Subsequent Review and Automatic Review
If your bail review is unsuccessful, you must wait at least 30 days before you are allowed to make another application. Otherwise, while you are in jail, a Superior Court judge will automatically make a bail review after a prescribed period of time. The time periods are 30 days from the date of the detention order for summary convictions, and 90 days for indictable convictions.

Bail Variations

On Consent
A recognizance or undertaking can be varied at any time if the Crown Attorney agrees and provides written authorization. Legal representation is vital for this to occur, as Crown Attorneys often refrain from speaking directly to accused persons.

Toronto bail hearings lawyer Daniel Freudman is able to promptly schedule meetings with Crown Attorneys to negotiate changes to your bail or recognizance, and ensure that you are not subject to any unduly onerous conditions. Daniel has proven success in convincing Crown Attorneys to delete certain unnecessary conditions and amend the recognizance to allow you to do such things as: contact persons you were previously restricted from communicating with, extend your curfew or insert exceptions allowing you to go to work or school, substitute your current surety for a different one.

On Application
If the Crown Attorney does not consent to the proposed changes, then it is necessary to bring an application to the Superior Court of Justice to vary the bail or undertaking.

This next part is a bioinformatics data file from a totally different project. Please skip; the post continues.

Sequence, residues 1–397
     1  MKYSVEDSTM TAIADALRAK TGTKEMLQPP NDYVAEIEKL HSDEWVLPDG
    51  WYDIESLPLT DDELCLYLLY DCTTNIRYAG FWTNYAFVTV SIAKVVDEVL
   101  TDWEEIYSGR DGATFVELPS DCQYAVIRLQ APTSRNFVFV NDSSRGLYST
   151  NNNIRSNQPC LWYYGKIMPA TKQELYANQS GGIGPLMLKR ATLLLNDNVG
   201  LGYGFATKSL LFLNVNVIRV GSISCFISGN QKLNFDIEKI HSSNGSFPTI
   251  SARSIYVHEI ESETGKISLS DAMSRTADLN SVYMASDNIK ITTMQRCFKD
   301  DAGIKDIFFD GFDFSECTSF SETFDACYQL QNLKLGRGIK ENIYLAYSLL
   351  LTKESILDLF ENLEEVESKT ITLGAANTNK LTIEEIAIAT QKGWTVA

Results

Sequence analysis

Estreatment Hearings

Your surety will often be required to pledge a sum of money to the court as assurance that you will abide by the conditions of your bail. If you fail to appear on for one of your court dates or breach the terms of your bail, the Crown may make an application to collect the money promised by your surety. In such case, an "estreatment hearing" will be held where your surety will have the opportunity to explain their side of the story and contest the forfeiture of their pledged money.

After the hearing, the justice will make an order as to whether all, some or none of the money will be surrendered. Afterwards, you will likely be returned into custody with your surety being relieved of their responsibilities to supervise you.

Importance of Legal Representation
Estreatment hearings often deal with sums of dollars in the thousands, all of which has the potential to be forfeited to the court. As the cost of losing your surety’s pledged money will far outweigh the cost of retaining legal counsel for the hearing, it is very unwise to attempt to conduct an estreatment hearing on your own.

Toronto bail hearings lawyer Daniel Freudman will devote his time and effort towards speaking with you and your surety to carefully understand your side of the story. This will allow him to develop the best possible defences to the Crown’s forfeiture demand, and correspondingly, maximize the chances of your surety keeping their pledged money.

Call Daniel For a Free Initial Consultation at 647-771-2416